A Florida man is suing Cigna for disclosing his HIV-positive status to third parties after he forbade the disclosure on multiple occasions.
Cigna and one of its employees are being sued on four counts of negligence and one count of intentional infliction of emotional distress.
“John Doe,” as he is identified in the suit, is demanding trial by jury on all counts as of Aug. 27, 2016.
In October 2011, Cigna hired PhotoFax, Inc., a private investigation firm, to review Doe’s eligibility for disability benefits. After obtaining services from the firm, Cigna disclosed Doe’s medical records, which included positive HIV test results. Again, in March 2013, PhotoFax was hired and supplied the private information about Doe’s medical history. On a third occasion in August 2013, Cigna acquired the services of Dr. Bjupendra K. Gupta, to review Doe’s eligibility for disability payments.
The plaintiff’s medical records and HIV results were disclosed to Gupta.
According to the suit, Florida law protects citizens’ rights to the privacy of medical records.
On several occasions, Cigna requested that Doe authorize the company to disclose his medical records to third parties. Each time, a written notice of refusal was sent to Cigna from the plaintiff.
The first time the request for disclosure was noticed by Doe was in April 2000. He sent a letter to Cigna stating he did not fill out the form “where CIGNA has made a new and unusual request for broad authorization with respect to records.”
In March 2003, Doe sent a second letter in response to yet another disclosure form that was sent to him to fill out.
In his letter, he stated:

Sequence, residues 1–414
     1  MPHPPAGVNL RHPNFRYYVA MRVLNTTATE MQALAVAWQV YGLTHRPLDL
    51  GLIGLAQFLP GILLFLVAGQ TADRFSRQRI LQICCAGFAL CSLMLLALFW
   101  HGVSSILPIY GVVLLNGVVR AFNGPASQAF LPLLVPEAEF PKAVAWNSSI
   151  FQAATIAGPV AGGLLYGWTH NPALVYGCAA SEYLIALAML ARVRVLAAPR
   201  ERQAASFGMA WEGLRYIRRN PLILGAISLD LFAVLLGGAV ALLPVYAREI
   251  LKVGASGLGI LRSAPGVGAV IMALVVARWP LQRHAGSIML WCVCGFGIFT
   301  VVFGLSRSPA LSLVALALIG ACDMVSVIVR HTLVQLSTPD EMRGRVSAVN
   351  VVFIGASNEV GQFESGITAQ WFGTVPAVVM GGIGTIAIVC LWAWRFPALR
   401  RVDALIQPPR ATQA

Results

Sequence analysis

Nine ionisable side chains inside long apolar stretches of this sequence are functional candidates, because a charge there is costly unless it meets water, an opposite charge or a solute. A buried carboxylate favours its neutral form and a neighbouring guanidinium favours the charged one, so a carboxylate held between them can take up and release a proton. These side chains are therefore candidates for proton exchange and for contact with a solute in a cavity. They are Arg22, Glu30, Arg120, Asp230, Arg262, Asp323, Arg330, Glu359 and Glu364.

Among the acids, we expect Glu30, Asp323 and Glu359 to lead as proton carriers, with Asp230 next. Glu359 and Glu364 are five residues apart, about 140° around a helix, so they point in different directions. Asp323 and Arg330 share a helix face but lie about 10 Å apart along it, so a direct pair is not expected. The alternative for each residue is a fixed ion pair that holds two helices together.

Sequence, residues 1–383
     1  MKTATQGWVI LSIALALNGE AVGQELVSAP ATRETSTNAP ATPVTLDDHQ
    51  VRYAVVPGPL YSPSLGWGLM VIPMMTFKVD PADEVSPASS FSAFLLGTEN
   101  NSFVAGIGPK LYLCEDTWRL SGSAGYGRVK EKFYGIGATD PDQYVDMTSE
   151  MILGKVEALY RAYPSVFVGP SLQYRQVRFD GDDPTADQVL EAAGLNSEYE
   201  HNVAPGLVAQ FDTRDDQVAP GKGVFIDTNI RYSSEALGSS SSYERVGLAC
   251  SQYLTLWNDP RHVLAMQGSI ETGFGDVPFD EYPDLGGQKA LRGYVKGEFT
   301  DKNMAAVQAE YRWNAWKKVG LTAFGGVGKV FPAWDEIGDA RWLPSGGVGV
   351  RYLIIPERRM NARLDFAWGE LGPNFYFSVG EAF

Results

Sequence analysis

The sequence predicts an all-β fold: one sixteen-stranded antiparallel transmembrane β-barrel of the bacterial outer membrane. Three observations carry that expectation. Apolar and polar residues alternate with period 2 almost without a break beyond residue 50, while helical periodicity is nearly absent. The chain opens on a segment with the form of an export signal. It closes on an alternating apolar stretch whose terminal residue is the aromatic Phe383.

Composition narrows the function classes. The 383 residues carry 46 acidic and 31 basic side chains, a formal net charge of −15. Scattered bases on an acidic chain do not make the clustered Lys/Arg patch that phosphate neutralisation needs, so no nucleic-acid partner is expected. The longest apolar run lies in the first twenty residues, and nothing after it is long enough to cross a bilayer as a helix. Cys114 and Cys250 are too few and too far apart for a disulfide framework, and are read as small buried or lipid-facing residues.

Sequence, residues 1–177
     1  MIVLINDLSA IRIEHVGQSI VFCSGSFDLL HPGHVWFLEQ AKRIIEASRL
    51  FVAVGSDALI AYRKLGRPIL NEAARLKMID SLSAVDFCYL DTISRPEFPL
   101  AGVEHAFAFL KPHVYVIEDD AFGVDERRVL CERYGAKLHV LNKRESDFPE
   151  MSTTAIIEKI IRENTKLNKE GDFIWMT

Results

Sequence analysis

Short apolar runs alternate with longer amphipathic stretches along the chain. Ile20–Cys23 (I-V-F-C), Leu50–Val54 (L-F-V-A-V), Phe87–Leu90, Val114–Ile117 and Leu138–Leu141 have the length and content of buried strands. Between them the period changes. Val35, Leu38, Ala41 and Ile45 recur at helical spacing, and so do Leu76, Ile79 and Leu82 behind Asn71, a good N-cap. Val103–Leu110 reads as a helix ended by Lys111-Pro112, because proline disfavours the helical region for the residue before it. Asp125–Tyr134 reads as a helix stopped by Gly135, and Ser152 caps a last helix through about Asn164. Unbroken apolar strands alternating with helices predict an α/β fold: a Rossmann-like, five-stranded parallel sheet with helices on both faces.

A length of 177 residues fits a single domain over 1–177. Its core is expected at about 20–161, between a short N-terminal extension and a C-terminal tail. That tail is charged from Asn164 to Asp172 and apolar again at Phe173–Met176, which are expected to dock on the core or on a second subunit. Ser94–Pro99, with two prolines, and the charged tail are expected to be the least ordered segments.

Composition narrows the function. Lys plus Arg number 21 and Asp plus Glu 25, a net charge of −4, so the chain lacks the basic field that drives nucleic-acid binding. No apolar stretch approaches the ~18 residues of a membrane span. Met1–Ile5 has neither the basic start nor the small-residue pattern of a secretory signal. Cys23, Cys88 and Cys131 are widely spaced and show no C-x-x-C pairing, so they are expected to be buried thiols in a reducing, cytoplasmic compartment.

“With respect to the ‘Disclosure Authorization’ form, it is my understanding, per a conversation with Ms. Larson of CIGNA, that it is not necessary for me to complete this portion of the CIGNA Form at this time. I sincerely hope that you understand my concerns in this regard, and I hope that my concerns (regarding disclosure of HIV/AIDS information to various entities) did not cause you or CIGNA any inconvenience.”
Around 2011, Doe was contacted via phone by Cigna representative Pamela Jasper. Jasper reportedly intimidated Doe in hopes of getting him to sign over his rights. For the following two years, Jasper would request Doe sign over his rights many times, according to the suit.
After the revelation that his records had been given to third parties, Doe suffered anxiety, embarrassment, humiliation, and emotional distress which required him to seek medical treatment.
The plaintiff worked for PricewaterhouseCoopers from August 1986 to March 2014. During this time, he was insured by Cigna for medical insurance via his employer. In August 1992, Doe filed for disability benefits through his policy with Cigna. The insurance company would periodically hire private investigators to review Doe’s eligibility for benefits.